Of course Howard, like virtually everyone else, became a victim of White’s famous temperament. ‘I was sacked. In fact, people were sacked before they walked through the door. And it was never rational. It was one of those nights when Marco entered the dark side. My pomme purée went gloopy, a bit like porridge. So he told me, “Fuck off and don’t come back.”
‘I was livid. It was not in the interest of our customers and I’d worked six days a week — plus Sundays to do photography for his book — for nine months and there was no sense in it. The next day I called him and challenged him, and although I didn’t go back, I think he respected me for it.’
In due course White recommended him to Platts-Martin. ‘It was a brave move by Nigel,’ says Howard. ‘I’d been cooking for just three years, had only reached the level of chef de partie [section head of a kitchen], and I’d never spoken to a supplier or put an order in. But I had no kind of anxiety. I was in blissful ignorance and it was super-exciting. What I lacked in experience I made up for in enthusiasm and energy, and I worked seven days a week.’
Howard had caught the cooking bug while studying microbiology at the University of Kent. He lived with some older foodie students and they used to take their cooking and eating seriously. ‘I knew immediately that this would be an important part of my life.’ And while he ‘enjoyed the brilliance of modern science’, he found himself more often than not ‘distracted… and smoked far too much weed’. He finally left with a third.
He immediately got work cooking in the Dordogne and then, returning to London, found a job cooking smart corporate lunches for the Roux brothers’ catering business. It wasn’t long before he arrived at Harvey’s.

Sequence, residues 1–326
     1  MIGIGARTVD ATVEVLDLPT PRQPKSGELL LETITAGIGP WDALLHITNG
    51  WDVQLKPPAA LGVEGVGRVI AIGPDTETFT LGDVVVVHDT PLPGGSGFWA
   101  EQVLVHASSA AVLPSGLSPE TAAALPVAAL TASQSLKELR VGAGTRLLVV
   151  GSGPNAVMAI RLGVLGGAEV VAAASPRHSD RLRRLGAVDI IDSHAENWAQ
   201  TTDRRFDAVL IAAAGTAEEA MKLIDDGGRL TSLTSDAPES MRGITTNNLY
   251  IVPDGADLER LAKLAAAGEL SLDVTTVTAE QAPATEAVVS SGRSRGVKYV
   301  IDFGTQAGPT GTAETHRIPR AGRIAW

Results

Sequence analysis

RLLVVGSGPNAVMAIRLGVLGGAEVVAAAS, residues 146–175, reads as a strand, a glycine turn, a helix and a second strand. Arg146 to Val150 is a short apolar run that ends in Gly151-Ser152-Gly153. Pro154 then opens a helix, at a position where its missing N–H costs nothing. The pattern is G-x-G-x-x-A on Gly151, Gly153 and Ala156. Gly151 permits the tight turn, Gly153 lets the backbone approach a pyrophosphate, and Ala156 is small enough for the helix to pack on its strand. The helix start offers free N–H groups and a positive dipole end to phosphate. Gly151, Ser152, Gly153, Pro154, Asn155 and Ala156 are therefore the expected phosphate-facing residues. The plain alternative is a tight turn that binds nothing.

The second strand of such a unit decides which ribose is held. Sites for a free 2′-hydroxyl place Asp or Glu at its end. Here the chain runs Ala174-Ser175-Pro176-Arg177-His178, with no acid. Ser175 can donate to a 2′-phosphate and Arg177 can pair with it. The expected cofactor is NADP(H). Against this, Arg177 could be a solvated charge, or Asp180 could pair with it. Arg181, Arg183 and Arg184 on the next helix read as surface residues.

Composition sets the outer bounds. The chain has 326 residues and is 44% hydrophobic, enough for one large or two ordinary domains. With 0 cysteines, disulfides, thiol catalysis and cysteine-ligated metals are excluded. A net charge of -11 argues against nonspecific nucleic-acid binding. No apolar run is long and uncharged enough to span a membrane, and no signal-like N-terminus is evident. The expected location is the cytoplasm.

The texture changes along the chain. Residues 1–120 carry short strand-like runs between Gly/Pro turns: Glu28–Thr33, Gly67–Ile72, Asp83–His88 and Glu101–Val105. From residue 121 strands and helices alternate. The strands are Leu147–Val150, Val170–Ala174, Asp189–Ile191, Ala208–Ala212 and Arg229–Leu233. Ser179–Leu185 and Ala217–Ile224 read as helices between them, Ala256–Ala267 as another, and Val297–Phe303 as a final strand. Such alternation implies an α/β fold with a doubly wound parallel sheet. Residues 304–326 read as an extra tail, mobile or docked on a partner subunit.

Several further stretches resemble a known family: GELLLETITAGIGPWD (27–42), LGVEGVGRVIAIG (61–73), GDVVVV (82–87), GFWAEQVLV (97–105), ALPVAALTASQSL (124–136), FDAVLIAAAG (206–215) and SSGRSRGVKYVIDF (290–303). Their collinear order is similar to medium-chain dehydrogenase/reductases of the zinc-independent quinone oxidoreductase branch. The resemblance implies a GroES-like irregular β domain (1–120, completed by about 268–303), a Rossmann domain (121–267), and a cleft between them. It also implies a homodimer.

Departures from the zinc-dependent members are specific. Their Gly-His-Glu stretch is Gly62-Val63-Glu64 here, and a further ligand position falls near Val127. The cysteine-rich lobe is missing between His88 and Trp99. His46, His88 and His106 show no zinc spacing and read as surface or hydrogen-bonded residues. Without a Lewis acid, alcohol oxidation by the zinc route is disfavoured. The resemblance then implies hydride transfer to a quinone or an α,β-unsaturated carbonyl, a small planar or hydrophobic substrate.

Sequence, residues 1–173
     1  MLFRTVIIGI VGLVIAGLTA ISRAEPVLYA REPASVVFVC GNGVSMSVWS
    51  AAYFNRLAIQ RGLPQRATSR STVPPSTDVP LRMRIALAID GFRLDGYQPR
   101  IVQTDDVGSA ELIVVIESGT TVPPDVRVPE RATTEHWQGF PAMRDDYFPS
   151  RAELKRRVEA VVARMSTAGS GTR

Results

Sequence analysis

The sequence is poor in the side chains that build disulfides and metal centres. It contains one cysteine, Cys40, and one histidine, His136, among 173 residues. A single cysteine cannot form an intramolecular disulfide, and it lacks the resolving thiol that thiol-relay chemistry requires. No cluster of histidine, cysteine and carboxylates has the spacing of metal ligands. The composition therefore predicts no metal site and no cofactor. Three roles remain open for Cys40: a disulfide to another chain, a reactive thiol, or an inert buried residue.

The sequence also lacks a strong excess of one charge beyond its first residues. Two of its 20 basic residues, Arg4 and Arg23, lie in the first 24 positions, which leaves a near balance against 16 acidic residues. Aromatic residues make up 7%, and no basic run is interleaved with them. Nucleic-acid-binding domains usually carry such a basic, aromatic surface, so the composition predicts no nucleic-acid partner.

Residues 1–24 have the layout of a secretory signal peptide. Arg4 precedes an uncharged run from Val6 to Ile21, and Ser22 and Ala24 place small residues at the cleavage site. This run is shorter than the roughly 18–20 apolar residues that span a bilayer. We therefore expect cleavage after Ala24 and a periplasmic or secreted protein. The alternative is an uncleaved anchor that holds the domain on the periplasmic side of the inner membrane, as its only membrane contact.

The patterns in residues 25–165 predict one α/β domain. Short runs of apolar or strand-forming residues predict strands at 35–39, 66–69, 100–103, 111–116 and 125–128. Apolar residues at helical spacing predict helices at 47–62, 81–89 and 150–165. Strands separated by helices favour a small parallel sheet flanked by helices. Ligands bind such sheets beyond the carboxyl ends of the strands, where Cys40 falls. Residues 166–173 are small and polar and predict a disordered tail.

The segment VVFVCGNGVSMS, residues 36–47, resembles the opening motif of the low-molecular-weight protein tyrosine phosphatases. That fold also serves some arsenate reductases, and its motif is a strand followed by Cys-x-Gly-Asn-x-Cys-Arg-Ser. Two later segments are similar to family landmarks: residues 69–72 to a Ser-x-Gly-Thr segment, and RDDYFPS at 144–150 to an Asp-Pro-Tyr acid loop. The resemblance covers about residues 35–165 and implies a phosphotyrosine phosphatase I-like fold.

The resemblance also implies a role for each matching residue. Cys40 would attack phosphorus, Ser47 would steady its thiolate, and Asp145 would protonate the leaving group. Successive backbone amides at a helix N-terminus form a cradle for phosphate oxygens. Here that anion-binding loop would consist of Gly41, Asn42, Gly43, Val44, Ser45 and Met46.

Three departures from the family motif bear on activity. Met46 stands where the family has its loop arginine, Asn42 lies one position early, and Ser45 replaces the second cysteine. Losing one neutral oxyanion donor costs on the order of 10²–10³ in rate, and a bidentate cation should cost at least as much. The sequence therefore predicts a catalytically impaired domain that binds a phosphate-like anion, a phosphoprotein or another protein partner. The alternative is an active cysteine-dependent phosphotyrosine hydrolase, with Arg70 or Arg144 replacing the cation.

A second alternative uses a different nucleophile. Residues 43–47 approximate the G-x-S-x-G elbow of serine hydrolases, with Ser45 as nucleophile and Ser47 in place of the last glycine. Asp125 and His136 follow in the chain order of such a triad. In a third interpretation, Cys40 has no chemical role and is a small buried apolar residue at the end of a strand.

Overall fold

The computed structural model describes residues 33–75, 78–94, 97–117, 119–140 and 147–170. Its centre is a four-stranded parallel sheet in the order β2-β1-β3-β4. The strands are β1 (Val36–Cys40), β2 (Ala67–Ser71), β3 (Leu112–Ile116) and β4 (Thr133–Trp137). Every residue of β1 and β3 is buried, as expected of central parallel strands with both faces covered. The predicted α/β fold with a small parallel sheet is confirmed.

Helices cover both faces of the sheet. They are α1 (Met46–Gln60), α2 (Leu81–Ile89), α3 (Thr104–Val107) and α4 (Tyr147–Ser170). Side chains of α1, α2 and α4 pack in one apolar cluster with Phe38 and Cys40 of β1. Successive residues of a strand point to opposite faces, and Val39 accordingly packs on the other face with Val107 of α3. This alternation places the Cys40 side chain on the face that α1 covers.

As he cooked through his twenties, those long hours at the Square came at a price. His energy became fuelled by something other than natural youthful enthusiasm. ‘I had a hugely demanding job, a wife and very young daughter at home and a massive problem with drugs,’ he recalls. ‘Addiction takes you to a very dark place. But I was lucky that I got to a point where I thought, “I’m going to go down the swanny.”’
After a struggle, rehab and the support of Nigel Platts-Martin, he got on top of the problem and now recalls that he’s happily brought up two children without a hangover.
Today, as he opens a new restaurant, the main issue he tries to grapple with is the wellbeing of the planet. ‘There is an issue in that many people are starving and here I am peeling the tails off langoustine, but that’s what I do,’ he says. ‘So I try to operate as responsibly as I can. We are as green as we can be in the kitchen. We compost everything, we rely less on proteins, there are far more vegetarian dishes on the menu and the portions are smaller.’
In the kitchen on the day I visit, grouse are being prepared and will be served with crispy spring rolls filled with autumn vegetables. The menu also features roasted vegetables with a cashew hummus, curry oil and shallots, as well as hand-rolled ink linguine with a sardine vinaigrette. It is technically and visually immaculate but not over-fussy food. Howard’s vision is simply to deliver pleasure. And when the restaurant settles and finds its soul (he’s currently working seven days a week) he’ll indulge in his passion, his love of the mountains and go skiing: ‘Great therapy for a life in a stainless steel box,’ he says of kitchen work. ‘I haven’t been this happy for as very long time.’ The people of Chelsea should count themselves very fortunate indeed.